Dr. Jason Karp is a nationally-recognized coach, 2011 IDEA Personal Trainer of the Year and owner of RunCoachJason.com. He holds a Ph.D. in exercise physiology and is founder of REVO2LT Running Team. He writes for international running, coaching and fitness magazines, and has authored five books (www.runcoachjason.com/merchandise).
• Warm-up sufficiently.
• Avoid abrupt changes in your running pace.
• Strengthen the muscle that is vulnerable to cramping.
• Stretch the muscle that is vulnerable to cramping.
• Strengthen your core muscles to support the abdominal contents.
• Do not eat within two of hours of hitting the trail. A full, distended stomach can place greater stress on the abdominal area.
• Train more and on race-simulating terrain to improve your fitness, which can prevent premature muscle fatigue.
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By JENNIFER CORBETT DOOREN , Wall Street Journal, November 5, 2012
Taking a daily multivitamin didn’t cut the risk of heart attack and stroke in a study that followed more than 14,500 men for over a decade.
There was a small reduction in cancer risk, according to results from the study released in October.
The trial, called the Physicians Health Study II and partly funded by the National Institutes of Health, is the largest to look at health outcomes and multivitamins. The new findings were presented Monday at the American Heart Association annual meeting and published online in the Journal of the American Medical Association.
More than half of Americans take a vitamin or supplement on a regular basis, and about a third take a daily multivitamin.
The study looked at whether taking a common multivitamin—in this case Pfizer Inc.’s Centrum Silver—can prevent disease compared with taking a placebo or sham vitamin. In addition to cancer and heart disease, researchers also looked at whether multivitamin use affected cognitive decline and eye disease. Information on cognitive decline and eye health has yet to be released. Pfizer provided the vitamins used in the study.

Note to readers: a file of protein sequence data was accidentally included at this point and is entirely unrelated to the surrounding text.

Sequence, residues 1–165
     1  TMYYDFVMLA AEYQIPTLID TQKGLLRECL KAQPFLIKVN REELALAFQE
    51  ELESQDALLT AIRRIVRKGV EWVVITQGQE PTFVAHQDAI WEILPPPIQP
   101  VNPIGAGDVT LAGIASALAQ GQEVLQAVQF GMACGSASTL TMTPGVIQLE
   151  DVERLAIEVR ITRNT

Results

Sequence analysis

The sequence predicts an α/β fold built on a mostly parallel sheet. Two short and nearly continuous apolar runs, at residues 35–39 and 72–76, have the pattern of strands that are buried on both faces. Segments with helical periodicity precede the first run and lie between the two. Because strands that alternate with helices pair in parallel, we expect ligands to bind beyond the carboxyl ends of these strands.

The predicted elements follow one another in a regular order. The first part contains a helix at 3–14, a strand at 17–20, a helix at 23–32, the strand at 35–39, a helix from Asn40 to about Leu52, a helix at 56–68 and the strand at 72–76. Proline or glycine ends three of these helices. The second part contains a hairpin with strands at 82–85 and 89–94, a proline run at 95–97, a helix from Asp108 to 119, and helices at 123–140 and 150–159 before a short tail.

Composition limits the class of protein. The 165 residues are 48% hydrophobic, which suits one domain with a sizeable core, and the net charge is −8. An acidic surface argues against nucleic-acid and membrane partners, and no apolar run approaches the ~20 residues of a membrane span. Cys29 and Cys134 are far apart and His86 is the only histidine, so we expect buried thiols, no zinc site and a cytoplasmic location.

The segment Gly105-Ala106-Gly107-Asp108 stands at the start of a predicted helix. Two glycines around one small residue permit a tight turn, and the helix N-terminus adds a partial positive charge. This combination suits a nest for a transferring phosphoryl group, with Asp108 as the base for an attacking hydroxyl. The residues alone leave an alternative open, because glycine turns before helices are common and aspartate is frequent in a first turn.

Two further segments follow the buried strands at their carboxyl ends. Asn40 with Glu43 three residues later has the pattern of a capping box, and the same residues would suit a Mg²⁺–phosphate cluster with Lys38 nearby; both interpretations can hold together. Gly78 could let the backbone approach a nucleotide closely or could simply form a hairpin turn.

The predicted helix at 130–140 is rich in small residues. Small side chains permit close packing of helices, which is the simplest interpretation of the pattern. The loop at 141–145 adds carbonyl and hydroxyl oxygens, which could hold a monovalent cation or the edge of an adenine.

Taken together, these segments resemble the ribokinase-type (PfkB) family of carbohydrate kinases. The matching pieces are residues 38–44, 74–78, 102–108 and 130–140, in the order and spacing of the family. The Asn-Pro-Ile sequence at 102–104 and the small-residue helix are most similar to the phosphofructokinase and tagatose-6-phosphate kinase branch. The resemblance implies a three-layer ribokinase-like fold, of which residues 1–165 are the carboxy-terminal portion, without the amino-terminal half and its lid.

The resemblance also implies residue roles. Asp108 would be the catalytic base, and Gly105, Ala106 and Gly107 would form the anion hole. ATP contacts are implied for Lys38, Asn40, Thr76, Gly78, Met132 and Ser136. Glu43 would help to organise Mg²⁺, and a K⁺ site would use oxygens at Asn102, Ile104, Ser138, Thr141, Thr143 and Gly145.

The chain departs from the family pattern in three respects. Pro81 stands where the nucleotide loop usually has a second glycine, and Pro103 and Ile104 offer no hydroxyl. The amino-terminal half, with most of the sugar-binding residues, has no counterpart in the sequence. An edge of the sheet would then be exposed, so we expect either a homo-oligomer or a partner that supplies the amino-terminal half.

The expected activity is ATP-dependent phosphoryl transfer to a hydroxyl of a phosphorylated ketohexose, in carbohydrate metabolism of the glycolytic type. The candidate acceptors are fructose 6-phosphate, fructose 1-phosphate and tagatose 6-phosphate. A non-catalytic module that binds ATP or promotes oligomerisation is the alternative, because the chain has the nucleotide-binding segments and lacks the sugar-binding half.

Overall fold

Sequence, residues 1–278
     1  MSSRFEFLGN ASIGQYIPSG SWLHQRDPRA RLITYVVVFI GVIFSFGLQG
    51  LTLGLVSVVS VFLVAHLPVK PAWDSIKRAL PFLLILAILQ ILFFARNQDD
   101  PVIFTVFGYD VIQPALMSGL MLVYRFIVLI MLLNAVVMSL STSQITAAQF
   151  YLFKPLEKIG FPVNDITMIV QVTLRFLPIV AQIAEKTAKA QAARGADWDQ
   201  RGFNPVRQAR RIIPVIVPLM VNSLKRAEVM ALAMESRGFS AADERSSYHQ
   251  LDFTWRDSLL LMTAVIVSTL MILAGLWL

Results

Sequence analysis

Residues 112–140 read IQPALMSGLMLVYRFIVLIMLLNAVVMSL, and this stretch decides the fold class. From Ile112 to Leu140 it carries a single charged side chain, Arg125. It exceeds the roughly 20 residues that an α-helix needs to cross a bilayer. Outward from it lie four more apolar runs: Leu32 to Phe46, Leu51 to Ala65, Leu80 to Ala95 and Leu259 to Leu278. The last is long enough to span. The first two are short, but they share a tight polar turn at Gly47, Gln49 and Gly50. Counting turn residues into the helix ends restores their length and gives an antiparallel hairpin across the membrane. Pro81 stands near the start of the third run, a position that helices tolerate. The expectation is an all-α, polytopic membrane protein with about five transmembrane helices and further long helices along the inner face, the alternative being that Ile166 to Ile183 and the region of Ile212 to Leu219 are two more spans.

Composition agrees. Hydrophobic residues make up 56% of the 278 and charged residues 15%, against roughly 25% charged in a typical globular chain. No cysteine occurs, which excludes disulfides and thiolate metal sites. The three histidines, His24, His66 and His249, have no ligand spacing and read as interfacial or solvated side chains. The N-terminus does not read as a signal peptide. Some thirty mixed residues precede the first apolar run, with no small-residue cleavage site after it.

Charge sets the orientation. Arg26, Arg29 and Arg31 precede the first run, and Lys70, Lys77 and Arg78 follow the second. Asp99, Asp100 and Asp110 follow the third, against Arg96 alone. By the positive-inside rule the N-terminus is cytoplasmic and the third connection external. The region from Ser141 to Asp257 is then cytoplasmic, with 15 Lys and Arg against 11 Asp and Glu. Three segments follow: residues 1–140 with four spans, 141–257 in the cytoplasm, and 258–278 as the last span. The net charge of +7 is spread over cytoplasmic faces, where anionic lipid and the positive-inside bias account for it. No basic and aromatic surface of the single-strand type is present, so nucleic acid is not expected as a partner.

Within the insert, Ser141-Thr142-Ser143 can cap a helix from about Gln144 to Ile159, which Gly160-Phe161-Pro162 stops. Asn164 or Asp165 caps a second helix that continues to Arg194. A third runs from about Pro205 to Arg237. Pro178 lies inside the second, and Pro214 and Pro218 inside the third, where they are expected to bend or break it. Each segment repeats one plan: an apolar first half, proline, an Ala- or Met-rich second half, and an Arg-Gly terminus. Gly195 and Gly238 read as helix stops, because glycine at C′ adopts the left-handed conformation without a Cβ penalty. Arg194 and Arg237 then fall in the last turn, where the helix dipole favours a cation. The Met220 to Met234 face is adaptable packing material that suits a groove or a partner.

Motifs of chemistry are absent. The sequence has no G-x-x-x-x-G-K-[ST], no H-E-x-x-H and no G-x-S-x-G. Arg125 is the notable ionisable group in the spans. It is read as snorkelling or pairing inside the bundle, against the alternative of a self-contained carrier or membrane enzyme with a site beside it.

“Many people take vitamins as a crutch,” said Howard Sesso, one of the authors of the study and an associate professor at Harvard Medical School and Brigham and Women’s Hospital, in Boston. “There’s no substitute for a heart-healthy diet and exercise,” he said.
“One thing worth noting is these physicians were quite healthy,” Dr. Sesso added. “A lot of them exercised and most had pretty good diets”—which make it harder to measure the added benefit of a multivitamin.
Many doctors recommend multivitamins, and the supplements are strongly advised for certain groups like pregnant women.
Duffy MacKay, vice president for scientific affairs at the Council for Responsible Nutrition, a Washington, D.C., trade group for supplement makers, says vitamins combined with other “healthy habits” can be a “basic and affordable insurance policy for overall wellness.” He added, “No one should expect the multivitamin to wipe out all diseases known to man.”
The study enrolled 14,641 male U.S. physicians, ages 50 and older when the study began. More than 700 had heart disease at the start. Half received a multivitamin. The other half took placebos that looked like the real vitamins. Vitamins and placebo pills were dispensed in prefilled monthly packages so compliance could be measured.